We wonder how many of our readers, especially in America, are as amazed as we are at the access to current and past political figures. In March we sat in the same small room with former first lady Imelda Marcos. In October we met President Gloria Macapagal Arroyo. And Wednesday we met former President Ramos. In addition, we have met Ambassador Kenney enough times that we are on a first name basis, and she even calls us her unofficial ambassadors to Corregidor. How different than in the United States, where access to politicians is so much more difficult. U.S. Secretary of State Hilary Clinton is spending two days here this week, and the security is literally 100 times tighter than it is around their own president.
Jun took us out to lunch at The Banana Leaf in Greenbelt 3. Before our entrees were served, banana leaves were placed in front of us, and we soon realized that they were in fact our plates. It is not the norm here to serve all of the people at the same table at the same time, but rather, each one’s particular meal is served when ready. Marcia, who was served last, could have had her choice of several different entrees, since we had a rather confused waiter who kept bringing her dishes that were ordered by other diners. The restaurant had a Southeast-Asian theme, and all of our food choices were excellent.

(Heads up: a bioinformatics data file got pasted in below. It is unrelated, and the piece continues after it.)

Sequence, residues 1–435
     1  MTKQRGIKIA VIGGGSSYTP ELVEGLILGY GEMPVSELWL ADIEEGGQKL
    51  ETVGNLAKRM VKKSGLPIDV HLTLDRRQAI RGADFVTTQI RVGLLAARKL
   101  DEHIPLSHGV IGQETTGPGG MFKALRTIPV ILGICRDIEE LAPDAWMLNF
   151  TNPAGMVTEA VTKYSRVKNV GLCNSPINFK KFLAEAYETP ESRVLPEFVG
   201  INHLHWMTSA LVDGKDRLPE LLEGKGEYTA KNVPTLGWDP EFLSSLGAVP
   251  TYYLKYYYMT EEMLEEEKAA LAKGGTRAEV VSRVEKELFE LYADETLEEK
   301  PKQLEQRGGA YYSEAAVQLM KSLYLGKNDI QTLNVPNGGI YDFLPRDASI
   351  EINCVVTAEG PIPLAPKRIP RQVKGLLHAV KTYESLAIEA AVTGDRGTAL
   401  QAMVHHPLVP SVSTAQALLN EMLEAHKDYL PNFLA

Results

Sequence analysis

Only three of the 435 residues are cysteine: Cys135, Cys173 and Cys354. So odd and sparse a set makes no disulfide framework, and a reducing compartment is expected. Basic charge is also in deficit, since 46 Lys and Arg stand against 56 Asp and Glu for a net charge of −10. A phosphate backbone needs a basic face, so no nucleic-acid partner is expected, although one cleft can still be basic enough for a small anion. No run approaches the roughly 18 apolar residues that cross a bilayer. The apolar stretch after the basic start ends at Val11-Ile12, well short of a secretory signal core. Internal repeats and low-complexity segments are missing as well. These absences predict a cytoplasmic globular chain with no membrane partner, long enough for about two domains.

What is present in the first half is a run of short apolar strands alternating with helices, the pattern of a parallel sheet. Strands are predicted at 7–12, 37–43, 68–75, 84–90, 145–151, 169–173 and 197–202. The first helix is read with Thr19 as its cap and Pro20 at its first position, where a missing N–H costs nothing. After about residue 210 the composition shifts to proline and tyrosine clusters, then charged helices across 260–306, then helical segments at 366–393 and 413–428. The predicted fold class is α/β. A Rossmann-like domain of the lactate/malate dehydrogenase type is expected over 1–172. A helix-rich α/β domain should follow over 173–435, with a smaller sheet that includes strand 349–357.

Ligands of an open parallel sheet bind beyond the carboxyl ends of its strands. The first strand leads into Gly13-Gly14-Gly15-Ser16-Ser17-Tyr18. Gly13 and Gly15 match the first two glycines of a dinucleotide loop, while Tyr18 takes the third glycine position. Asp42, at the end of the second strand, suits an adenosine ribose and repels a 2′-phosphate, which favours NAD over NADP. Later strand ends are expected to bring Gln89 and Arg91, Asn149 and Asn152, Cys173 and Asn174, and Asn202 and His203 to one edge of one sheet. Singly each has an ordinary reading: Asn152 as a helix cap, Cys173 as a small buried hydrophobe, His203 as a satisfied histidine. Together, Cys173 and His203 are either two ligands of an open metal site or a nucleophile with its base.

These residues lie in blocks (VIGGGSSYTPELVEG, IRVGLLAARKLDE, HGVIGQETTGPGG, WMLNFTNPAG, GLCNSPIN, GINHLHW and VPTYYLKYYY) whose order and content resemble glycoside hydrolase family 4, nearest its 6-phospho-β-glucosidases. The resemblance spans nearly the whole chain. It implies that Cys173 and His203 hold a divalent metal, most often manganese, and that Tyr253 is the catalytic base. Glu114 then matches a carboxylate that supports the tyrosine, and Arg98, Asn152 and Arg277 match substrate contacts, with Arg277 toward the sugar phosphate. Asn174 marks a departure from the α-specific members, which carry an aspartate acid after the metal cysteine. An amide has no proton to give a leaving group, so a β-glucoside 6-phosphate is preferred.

After lunch, we said our good-byes and thanks to Jun, and then used the rest of the afternoon to finish the last little bit of shopping. Marcia bought a pair of slacks in Robinson’s Department Store. To give you an idea of comparative sizing, she needed XXL, whereas in the U.S. she would have looked for either small or medium. Thursday morning we returned to our island home, ready to be away from the city again.